Canadiens are planning to block Penguins
WASHINGTON — Hal Gill blocked so many shots in the first-round series against the Washington Capitals that the Montreal defenseman was asked if he was an emergency backup to goaltender Jaroslav Halak.
"Sometimes, it felt like that," said Gill, who had six of his series-best 31 blocked shots in the 2-1 Game 7 victory Wednesday night. "You try to do whatever you can to get in front of a shot, help him out any way and take the pressure off him. He had a lot of pressure on him."
After stopping the team that led the NHL in both games won and goals scored, the Canadiens next face the pressure of trying to dethrone the defending Stanley Cup champions when they play the Penguins in Game 1 of their Eastern Conference semifinal at 7 p.m. Friday night at Mellon Arena.
"Anytime you're in the playoffs, you want to compete against the best," said Montreal center Dominic Moore, a former Penguin who scored the Game 7 winner against Washington. "They're obviously proven what they are, proven that they're the best. For us, it's a fun challenge."
No one in Montreal knows the Penguins, especially captain Sidney Crosby, as well as Gill. He formed a shutdown defensive pairing with Rob Scuderi for the Cup champions last year and practiced against Crosby on a daily basis before leaving for Montreal through free agency last summer.
"That doesn't mean it's any easier," Gill said. "He's got a lot of tricks up his sleeve."
Montreal has some of its own.
The Canadiens employed a defensive tactic against the Capitals that was similar in strategy to what the Ottawa Senators did to the Penguins in the first round: They protected their goalie by clogging shooting lanes and blocking shots — including 41 in the 2-1 victory in Game 7 — in an effort that caused the league's best power play to go 1-for-33 for the series.
"You need to have that to be successful," Montreal coach Jacques Martin said. "It shows a commitment on the part of the players. They know at this time of the year, you've got to do everything in your power to win games. It means sometimes taking hits to make plays. It means blocking shots. It means to be fully committed."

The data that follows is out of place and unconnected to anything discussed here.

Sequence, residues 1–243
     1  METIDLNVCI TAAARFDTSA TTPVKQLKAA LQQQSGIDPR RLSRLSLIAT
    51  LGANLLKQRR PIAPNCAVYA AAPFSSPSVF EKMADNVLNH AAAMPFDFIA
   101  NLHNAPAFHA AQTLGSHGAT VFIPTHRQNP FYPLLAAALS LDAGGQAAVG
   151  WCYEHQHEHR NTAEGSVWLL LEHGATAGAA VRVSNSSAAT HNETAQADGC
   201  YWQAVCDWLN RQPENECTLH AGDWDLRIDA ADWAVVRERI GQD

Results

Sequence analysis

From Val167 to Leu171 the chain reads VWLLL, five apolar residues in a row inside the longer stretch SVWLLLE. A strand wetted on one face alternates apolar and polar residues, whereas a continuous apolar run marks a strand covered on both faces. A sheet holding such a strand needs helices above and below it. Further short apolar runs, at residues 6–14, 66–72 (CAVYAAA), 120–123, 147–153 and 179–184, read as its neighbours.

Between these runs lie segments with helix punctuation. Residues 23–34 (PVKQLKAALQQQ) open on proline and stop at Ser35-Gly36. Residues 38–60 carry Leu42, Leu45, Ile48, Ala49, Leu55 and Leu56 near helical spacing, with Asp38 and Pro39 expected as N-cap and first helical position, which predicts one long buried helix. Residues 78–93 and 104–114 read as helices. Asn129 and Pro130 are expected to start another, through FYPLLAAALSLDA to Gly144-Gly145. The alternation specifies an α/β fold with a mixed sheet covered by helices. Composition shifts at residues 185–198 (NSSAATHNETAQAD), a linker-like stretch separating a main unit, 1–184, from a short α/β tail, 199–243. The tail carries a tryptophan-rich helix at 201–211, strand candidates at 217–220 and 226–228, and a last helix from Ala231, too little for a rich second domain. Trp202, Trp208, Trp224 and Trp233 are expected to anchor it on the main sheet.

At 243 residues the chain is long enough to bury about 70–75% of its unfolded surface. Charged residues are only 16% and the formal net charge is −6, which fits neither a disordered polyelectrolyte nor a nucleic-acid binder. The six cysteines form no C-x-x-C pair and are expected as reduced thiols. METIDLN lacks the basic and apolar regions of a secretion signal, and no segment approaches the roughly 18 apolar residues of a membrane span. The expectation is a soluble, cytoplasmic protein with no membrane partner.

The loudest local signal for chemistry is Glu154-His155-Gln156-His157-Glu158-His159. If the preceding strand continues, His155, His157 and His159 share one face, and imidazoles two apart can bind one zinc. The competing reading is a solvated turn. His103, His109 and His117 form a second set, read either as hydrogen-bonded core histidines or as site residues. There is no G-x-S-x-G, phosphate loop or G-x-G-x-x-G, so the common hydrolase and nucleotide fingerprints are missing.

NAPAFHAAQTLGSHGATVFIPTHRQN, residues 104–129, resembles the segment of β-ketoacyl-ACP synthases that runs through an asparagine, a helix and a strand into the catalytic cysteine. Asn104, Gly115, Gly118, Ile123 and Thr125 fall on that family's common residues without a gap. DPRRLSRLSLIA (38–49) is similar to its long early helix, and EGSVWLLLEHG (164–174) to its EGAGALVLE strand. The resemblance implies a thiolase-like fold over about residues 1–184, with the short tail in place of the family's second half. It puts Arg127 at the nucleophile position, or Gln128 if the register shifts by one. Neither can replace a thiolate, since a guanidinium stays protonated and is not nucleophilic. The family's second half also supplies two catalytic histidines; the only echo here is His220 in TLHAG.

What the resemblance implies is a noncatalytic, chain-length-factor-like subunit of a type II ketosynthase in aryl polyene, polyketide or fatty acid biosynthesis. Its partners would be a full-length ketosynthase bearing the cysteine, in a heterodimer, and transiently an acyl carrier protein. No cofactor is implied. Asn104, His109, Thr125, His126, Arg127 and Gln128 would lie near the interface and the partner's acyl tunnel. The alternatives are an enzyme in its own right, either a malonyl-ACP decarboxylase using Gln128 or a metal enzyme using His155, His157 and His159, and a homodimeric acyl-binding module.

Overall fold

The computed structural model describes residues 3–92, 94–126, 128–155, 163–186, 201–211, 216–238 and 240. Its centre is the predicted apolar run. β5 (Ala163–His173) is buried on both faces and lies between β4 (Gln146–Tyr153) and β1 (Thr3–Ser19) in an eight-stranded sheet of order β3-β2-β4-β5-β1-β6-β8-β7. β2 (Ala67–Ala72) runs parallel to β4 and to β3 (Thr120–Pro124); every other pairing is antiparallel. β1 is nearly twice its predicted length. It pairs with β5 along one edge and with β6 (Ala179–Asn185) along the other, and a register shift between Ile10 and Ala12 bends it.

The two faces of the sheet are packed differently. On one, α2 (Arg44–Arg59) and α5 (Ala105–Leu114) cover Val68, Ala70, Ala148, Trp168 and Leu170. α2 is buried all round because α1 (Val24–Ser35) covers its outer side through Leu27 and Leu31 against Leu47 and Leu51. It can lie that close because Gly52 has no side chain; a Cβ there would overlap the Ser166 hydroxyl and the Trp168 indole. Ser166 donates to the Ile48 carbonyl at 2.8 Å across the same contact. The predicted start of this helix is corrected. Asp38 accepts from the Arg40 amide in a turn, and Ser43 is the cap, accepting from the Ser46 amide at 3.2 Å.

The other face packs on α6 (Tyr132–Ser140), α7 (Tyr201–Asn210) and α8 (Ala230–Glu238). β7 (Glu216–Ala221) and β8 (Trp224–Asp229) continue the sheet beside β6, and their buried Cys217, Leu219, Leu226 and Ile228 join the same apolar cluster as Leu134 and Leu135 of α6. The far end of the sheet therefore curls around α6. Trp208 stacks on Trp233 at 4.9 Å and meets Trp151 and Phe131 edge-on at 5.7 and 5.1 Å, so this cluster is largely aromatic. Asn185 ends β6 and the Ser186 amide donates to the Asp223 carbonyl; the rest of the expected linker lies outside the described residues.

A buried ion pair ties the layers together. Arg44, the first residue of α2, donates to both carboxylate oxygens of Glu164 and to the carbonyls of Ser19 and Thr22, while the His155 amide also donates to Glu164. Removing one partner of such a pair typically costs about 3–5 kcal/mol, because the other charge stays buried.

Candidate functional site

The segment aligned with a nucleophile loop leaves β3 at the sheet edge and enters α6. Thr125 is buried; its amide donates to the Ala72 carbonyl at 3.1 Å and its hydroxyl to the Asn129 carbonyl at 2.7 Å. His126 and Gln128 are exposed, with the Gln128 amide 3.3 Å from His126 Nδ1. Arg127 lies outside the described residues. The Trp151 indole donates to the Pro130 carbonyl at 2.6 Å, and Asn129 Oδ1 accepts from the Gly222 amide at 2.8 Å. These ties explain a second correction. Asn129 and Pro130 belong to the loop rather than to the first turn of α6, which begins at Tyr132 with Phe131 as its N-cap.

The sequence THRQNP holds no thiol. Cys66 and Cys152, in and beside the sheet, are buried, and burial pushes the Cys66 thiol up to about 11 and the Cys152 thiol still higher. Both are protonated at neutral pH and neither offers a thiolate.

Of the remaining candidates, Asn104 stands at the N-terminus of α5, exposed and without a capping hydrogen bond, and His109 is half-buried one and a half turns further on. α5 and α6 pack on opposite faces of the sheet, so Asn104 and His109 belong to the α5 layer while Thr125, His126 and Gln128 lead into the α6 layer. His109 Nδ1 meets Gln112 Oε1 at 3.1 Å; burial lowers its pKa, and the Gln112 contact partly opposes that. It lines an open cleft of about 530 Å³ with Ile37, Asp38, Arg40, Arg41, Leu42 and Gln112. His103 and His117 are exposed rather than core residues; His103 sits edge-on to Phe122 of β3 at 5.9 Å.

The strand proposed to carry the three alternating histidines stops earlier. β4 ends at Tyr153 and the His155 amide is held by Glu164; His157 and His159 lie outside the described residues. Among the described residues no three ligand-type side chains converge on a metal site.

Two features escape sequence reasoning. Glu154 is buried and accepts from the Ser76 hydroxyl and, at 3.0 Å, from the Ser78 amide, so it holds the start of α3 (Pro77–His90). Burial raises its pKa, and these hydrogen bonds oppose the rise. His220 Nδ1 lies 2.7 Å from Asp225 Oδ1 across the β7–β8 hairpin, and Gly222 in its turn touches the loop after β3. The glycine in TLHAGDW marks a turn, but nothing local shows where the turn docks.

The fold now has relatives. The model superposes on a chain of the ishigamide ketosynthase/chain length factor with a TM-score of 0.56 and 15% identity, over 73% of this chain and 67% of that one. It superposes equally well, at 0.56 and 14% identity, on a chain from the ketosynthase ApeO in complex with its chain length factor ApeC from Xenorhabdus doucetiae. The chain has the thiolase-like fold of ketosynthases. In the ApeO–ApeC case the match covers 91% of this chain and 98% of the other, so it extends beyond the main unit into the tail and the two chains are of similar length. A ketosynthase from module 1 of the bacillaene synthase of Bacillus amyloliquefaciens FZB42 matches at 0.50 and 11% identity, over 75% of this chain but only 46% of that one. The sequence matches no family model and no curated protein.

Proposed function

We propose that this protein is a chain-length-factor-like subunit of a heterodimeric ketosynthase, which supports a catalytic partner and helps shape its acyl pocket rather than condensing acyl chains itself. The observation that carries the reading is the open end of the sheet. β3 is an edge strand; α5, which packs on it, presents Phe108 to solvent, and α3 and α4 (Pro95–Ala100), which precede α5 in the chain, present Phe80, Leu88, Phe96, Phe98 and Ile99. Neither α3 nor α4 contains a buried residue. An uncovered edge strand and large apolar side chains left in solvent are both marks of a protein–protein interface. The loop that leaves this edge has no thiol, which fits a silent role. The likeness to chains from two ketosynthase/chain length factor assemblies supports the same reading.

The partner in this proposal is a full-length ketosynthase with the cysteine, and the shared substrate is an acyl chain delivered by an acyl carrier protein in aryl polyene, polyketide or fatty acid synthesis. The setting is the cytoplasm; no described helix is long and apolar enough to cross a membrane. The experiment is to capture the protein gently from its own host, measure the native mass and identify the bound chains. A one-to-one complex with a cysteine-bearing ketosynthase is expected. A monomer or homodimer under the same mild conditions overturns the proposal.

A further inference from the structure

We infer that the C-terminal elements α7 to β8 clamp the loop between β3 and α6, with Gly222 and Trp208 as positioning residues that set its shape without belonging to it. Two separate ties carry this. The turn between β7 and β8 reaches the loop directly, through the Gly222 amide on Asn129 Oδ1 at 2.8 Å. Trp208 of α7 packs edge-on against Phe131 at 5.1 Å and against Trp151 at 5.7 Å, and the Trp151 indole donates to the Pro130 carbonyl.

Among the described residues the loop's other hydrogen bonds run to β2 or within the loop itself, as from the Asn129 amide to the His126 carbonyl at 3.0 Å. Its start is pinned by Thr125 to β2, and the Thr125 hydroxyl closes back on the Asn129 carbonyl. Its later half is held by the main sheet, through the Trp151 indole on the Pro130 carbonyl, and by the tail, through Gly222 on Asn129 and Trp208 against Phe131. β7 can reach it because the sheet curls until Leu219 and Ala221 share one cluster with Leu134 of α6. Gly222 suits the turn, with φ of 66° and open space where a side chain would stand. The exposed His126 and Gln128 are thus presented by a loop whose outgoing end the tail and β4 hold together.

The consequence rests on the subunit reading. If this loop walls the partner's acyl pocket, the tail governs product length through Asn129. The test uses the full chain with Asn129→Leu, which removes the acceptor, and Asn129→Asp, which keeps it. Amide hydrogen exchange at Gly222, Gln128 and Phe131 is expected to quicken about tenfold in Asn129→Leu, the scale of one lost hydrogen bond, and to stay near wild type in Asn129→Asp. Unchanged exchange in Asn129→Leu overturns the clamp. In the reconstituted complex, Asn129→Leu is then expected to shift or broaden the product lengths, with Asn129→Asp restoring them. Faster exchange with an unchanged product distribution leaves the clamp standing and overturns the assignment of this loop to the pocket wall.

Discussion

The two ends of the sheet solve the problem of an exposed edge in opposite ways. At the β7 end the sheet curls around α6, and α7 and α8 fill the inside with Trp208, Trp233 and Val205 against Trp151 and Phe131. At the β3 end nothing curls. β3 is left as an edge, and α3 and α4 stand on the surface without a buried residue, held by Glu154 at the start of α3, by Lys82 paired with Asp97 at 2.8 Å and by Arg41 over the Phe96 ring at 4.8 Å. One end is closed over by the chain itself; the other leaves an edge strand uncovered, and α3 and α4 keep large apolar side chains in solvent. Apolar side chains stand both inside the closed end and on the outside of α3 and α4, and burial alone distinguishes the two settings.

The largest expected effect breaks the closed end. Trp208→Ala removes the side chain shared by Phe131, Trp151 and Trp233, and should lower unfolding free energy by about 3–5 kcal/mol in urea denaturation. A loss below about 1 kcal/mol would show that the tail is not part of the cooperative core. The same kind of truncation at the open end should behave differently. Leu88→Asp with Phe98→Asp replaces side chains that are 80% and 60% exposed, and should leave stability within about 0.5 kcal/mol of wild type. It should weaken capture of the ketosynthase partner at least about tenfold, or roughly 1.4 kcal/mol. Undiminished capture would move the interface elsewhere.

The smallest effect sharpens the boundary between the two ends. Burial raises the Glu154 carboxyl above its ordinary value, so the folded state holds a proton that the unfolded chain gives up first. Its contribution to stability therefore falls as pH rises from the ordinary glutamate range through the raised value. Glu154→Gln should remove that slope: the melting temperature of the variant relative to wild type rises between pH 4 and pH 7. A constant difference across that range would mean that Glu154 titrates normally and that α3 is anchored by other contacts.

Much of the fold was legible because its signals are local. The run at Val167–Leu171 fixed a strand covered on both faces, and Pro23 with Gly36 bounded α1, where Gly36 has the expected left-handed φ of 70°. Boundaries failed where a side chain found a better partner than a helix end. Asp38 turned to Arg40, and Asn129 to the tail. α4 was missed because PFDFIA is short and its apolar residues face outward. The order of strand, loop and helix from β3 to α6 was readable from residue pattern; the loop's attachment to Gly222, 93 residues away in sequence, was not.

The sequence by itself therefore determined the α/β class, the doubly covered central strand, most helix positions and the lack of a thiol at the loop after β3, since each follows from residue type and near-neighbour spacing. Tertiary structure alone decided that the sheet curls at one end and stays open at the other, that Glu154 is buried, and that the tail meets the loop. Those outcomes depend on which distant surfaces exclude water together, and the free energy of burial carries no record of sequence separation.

Gill hinted that playing the Penguins could require a different game plan, considering the presence of playoffs scoring leader Crosby (14 points) and fellow centers Evgeni Malkin and Jordan Staal up the middle.
"They have different personnel," Gill said. "It's going to take a team effort. You've got to shut down Sid. He's been pretty awesome, so that's no easy task. That's going to take five, six guys at once.
"It's going to take everyone."
THE ODDS ARE
The three Eastern Conference division winners are out of the Stanley Cup playoffs, leaving the defending champion Penguins holding home-ice advantage until the Stanley Cup Final. A look at the current postseason odds:
5:2 — ODDS ON PENS TO DEFEND THE CUP (they were 6:1 going into the first round)
5:1 — ODDS OF PENS-WINGS III IN THE FINAL (they were 20:1 going into the first round)
9:4 — ODD THAT ROSSI'S PENS-OVER-HABS IN 5 PICK IS CORRECT
odds to win conn smythe trophy as playoff mvp:
1. Sidney Crosby (PIT) — 11:4
2. Evgeni Malkin (PIT) — 5:1
3. Marc-Andre Fleury (PIT) — 5:1
4. Daniel Sedin (VAN) — 6:1
5. Patrick Kane (CHI) — 6:1
6. Jonathan Toews (CHI) — 6:1
Show commenting policy
TribLive commenting policy
- Rossi: Penguins’ best bet is on Martin
- From injuries to front office, Penguins’ season didn’t lack drama
- Penguins president: General manager, coach won’t be fired
- Young defensemen make case for future with Penguins
- Penguins’ Malkin: ‘We’re not a championship team’
- Fleury valiant in defeat
- Penguins eliminated with Game 5 overtime loss to Rangers
- Starkey: Tracing the Penguins’ demise
- Rangers’ defensive plan against Penguins was unwavering
- Penguins notebook: Lovejoy says individual play is problematic
- Rossi: This type of hockey is a serious problem